The title Spiritual Director is somewhat of a misnomer. The Spirit is the true Director.
It’s not uncommon for Americans in our 21st century to find their way to a mental health clinic. In the U.S. today, according to the DSM-5, 46% of adults are likely to develop a diagnosable mental disorder. There are a variety of reasons for the statistics: economic stressors, environmental challenges, inadequate social resources, and often, simply a greater awareness of and the reporting of diagnoses. For the millions of people affected by mental health disorders – depression, anxiety, personality disorders, etc. – mental health professionals provide relief and hope. Psychiatrists, counselors, marriage and family therapists are important resources, contributing greatly to the well-being of society.
Not all intrapersonal suffering can be summed up in a diagnosis, however. The human condition is filled with moments and seasons of struggle that are not categorized neatly in a mental health textbook. Loss can lead to deep grief. Ethical dilemmas in the workplace can open up great turmoil of conscience. We become angry at our loved ones. We can act in ways that we regret. Mid-life can bring questions of meaning. Children challenge our values. Some of us wake up in the night with questions of existence: what is my purpose? Is there life beyond this life? For questions and moments such as these, the struggling person may turn to a spiritual director. What follows is a brief overview of spiritual direction as well as some ways that spiritual direction intersects with mental health therapy.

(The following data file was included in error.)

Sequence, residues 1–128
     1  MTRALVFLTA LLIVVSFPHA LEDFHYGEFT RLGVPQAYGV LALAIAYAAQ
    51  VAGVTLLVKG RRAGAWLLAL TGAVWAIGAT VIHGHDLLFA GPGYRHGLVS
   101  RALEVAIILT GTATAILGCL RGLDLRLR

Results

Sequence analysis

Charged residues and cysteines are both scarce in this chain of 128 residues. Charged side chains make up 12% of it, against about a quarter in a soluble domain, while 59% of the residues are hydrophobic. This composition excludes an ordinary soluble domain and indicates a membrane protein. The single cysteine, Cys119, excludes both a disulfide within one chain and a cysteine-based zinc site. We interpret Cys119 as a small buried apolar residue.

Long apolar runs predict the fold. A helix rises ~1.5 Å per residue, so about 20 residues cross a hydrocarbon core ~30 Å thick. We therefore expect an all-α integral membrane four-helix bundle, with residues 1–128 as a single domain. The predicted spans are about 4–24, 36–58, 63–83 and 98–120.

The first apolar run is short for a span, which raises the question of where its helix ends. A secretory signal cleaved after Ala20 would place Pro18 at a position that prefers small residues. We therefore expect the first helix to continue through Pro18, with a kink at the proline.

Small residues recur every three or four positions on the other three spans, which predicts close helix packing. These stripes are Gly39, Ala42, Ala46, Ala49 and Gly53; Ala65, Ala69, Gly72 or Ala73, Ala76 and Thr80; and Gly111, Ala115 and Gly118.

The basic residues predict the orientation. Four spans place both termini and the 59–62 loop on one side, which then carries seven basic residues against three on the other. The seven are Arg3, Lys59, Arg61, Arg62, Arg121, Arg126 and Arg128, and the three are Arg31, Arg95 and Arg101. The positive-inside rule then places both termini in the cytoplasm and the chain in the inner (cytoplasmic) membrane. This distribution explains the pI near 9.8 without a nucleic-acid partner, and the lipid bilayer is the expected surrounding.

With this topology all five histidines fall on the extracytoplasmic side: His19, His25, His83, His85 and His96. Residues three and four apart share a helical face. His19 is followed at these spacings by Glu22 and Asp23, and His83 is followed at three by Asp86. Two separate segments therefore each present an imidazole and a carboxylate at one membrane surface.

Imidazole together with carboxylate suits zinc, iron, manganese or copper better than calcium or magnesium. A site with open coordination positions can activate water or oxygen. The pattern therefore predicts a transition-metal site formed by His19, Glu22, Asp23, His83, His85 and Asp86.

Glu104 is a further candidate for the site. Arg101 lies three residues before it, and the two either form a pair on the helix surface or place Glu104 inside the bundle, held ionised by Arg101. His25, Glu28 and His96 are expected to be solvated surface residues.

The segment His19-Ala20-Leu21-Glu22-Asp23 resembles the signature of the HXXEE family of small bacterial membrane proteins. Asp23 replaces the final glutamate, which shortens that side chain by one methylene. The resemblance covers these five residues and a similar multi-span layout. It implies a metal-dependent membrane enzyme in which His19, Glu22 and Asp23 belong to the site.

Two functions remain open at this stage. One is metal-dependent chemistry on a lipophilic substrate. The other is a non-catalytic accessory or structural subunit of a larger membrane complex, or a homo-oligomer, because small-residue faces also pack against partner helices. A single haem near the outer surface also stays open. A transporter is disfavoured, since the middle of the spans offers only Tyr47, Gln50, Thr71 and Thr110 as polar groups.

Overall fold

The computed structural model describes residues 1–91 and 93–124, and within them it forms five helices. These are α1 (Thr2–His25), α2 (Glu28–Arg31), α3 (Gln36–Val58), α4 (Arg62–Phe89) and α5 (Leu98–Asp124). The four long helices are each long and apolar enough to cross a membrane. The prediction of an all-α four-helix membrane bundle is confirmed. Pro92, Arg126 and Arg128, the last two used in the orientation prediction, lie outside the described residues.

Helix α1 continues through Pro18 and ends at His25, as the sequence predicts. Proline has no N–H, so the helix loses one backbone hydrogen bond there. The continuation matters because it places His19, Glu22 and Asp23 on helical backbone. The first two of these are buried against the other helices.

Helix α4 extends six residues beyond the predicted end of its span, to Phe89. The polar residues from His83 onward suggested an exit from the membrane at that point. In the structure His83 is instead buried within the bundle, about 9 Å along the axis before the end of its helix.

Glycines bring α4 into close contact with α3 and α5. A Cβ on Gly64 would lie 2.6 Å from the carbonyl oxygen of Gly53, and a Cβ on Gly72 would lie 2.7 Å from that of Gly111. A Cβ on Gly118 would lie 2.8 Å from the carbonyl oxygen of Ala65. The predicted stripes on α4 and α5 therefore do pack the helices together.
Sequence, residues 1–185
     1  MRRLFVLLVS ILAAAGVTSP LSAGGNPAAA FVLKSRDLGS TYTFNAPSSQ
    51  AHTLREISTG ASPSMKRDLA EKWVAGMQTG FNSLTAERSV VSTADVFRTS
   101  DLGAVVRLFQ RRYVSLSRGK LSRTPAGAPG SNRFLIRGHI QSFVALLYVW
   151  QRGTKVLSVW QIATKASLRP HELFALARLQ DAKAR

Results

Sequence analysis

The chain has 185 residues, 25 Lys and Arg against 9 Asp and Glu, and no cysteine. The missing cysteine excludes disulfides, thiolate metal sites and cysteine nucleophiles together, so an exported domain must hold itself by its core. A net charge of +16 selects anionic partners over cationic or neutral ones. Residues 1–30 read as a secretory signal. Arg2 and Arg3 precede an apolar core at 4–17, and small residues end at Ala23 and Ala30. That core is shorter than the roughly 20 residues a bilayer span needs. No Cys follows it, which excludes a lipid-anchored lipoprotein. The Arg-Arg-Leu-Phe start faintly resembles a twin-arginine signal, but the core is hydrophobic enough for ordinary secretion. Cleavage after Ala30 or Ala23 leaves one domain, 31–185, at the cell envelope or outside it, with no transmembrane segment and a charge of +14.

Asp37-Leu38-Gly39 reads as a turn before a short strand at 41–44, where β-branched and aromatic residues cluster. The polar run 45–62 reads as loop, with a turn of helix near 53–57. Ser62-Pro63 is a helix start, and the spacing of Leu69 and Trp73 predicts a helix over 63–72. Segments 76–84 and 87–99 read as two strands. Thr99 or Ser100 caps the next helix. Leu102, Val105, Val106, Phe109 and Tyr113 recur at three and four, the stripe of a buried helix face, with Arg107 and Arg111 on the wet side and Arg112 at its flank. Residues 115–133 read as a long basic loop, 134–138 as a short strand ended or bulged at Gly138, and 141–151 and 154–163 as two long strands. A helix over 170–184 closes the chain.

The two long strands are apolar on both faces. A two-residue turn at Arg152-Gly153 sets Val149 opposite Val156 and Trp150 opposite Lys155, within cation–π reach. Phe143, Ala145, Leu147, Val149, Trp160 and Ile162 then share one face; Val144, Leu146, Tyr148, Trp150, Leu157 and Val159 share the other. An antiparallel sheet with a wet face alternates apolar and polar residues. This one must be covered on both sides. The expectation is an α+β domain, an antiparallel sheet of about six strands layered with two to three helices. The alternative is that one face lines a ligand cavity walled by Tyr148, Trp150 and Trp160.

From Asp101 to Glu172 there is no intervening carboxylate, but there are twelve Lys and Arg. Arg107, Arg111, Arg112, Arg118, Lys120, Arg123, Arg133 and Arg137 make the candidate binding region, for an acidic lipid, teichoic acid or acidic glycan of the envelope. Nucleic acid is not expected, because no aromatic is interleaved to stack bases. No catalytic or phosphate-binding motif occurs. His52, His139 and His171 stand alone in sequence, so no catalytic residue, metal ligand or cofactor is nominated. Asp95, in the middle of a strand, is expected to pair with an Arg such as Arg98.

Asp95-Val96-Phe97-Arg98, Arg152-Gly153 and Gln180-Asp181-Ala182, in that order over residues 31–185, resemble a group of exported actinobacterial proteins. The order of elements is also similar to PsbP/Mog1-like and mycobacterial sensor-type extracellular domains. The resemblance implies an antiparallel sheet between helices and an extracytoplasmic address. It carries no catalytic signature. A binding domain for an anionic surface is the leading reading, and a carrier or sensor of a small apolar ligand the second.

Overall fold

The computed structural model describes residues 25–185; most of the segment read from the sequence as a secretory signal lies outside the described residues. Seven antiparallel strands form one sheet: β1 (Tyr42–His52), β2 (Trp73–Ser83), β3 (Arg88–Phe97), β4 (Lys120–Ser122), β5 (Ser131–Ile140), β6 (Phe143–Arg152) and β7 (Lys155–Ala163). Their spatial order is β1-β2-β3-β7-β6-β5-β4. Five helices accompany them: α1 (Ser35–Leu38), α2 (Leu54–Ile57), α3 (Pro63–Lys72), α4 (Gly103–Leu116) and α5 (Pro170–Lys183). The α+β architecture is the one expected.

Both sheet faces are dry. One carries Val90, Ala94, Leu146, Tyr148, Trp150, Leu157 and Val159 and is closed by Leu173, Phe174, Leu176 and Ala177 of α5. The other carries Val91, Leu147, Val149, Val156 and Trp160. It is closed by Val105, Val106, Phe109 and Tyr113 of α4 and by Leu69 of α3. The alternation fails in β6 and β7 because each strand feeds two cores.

Spiritual Direction: A Movement Towards Soul Wholeness
Spiritual directors are those who, most typically, help individuals move towards greater soul wholeness. While I am most familiar with spiritual direction from within the Christian mystical context, spiritual direction is an ancient practice that has roots in most of the major world religions. A spiritual tradition (be it Buddhist, Jewish, Christian, Pagan, Indigenous, etc.) is the weaving together of a worldview – questions, teaching, ritual, values, and community – all for the sake of passing along meaning and purpose to its adherents. Within these spiritual communities, throughout the centuries, spiritual directors function as healers, teachers, guides, and midwives. They often meet one-on-one with a seeker. They listen to stories of soul-sickness and struggle. They help a person to name stories of hope and to discover resources of strength within their particular spiritual tradition or within the even larger framework of braided spiritual questing.